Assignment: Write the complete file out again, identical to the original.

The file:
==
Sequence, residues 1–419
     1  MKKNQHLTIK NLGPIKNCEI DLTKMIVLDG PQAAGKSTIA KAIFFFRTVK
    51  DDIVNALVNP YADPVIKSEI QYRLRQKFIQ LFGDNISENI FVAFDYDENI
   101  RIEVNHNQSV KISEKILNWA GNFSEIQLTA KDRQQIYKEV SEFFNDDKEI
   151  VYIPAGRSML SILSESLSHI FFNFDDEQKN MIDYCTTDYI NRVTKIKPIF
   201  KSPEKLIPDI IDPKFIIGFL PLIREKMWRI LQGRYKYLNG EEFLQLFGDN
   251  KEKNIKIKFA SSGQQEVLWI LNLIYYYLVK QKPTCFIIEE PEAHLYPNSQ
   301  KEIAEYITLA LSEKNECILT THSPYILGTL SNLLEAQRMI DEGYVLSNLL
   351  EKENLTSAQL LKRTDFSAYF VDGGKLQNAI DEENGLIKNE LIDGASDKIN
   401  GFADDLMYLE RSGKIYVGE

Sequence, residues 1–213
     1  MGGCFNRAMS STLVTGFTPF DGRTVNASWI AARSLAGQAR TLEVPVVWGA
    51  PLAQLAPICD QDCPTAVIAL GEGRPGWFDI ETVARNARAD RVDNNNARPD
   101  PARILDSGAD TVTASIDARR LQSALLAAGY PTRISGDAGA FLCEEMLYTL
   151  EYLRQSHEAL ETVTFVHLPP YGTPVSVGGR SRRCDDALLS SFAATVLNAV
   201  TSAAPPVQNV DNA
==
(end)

Sequence, residues 1–419
     1  MKKNQHLTIK NLGPIKNCEI DLTKMIVLDG PQAAGKSTIA KAIFFFRTVK
    51  DDIVNALVNP YADPVIKSEI QYRLRQKFIQ LFGDNISENI FVAFDYDENI
   101  RIEVNHNQSV KISEKILNWA GNFSEIQLTA KDRQQIYKEV SEFFNDDKEI
   151  VYIPAGRSML SILSESLSHI FFNFDDEQKN MIDYCTTDYI NRVTKIKPIF
   201  KSPEKLIPDI IDPKFIIGFL PLIREKMWRI LQGRYKYLNG EEFLQLFGDN
   251  KEKNIKIKFA SSGQQEVLWI LNLIYYYLVK QKPTCFIIEE PEAHLYPNSQ
   301  KEIAEYITLA LSEKNECILT THSPYILGTL SNLLEAQRMI DEGYVLSNLL
   351  EKENLTSAQL LKRTDFSAYF VDGGKLQNAI DEENGLIKNE LIDGASDKIN
   401  GFADDLMYLE RSGKIYVGE

Sequence, residues 1–213
     1  MGGCFNRAMS STLVTGFTPF DGRTVNASWI AARSLAGQAR TLEVPVVWGA
    51  PLAQLAPICD QDCPTAVIAL GEGRPGWFDI ETVARNARAD RVDNNNARPD
   101  PARILDSGAD TVTASIDARR LQSALLAAGY PTRISGDAGA FLCEEMLYTL
   151  EYLRQSHEAL ETVTFVHLPP YGTPVSVGGR SRRCDDALLS SFAATVLNAV
   201  TSAAPPVQNV DNA